Saturday, October 25, 2014

Poem of the Day: "And Ut Pictura Poesis Is Her Name" by John Ashbery

The Songs of Eretz Poetry Review Poem of the Day for October 25, 2014 is "And Ut Pictura Poesis Is Her Name" by John Ashbery (1979) from Houseboat Days (1987).  The text of the poem may be found here:  http://www.poetryfoundation.org/poem/177264.

The Pulitzer Prize winning poet, John Ashbery (b. 1927) (pictured) is widely considered to be one the greatest poets of the twentieth century.  One critic described Ashbery's poetic style as "simultaneously incomprehensible and intelligent…with a weird pulsating rhythm."  Ashbery is the author of many award-winning and influential poetry collections.  Reference to this and additional biographical information may be found here:  http://www.poetryfoundation.org/bio/john-ashbery.

Ut Pictura Poesis:  As with painting, poetry.  This view of poetry had a profound influence on the poets of the New York School with whom Ashbery is closely associated.  The abstract expressionist painters of the New York School, including Jackson Pollock, Willem de Kooning, Franz Kline, and others, valued spontaneity and improvisation over a reflective, cerebral approach.  Reference to this and additional information about abstract expressionism may be found here:  http://www.metmuseum.org/toah/hd/abex/hd_abex.htm.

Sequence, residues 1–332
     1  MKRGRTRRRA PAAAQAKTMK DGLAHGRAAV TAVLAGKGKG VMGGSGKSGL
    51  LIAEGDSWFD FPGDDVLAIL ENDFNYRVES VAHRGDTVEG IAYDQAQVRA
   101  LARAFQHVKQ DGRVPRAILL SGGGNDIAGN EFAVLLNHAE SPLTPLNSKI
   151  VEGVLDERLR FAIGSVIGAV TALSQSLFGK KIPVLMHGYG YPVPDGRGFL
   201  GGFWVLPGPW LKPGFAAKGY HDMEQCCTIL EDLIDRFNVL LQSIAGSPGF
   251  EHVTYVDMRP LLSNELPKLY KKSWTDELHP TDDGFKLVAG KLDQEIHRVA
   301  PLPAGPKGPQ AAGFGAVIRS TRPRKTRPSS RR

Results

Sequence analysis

"You can't say it that way anymore."  This is the opening line of the poem as well as a summary of its content.  Ashbery might have meant by this that the era of characterizing beauty in traditional terms is over and implies that to persist in an old school approach to the characterization of beauty is to miss that which is most beautiful perhaps entirely.

From a meta-poetic or even meta-pedagogic point of view, Ashbery here offers a poem about how to write a poem in the modern era.  The first half of the piece lists examples of what should be included in a modern poem.  The third quarter of the poem gives an example of a modern poem--a poem within a poem.  The final quarter of the poem opens with, "When you write poetry:".  The use of a colon here is critical--it makes the line mean something like, "when you go about writing a poem, you must do the following."  What follows is advice as to what to do.  The poem might just as easily have been titled "And Ars Poetica Is Her Name."

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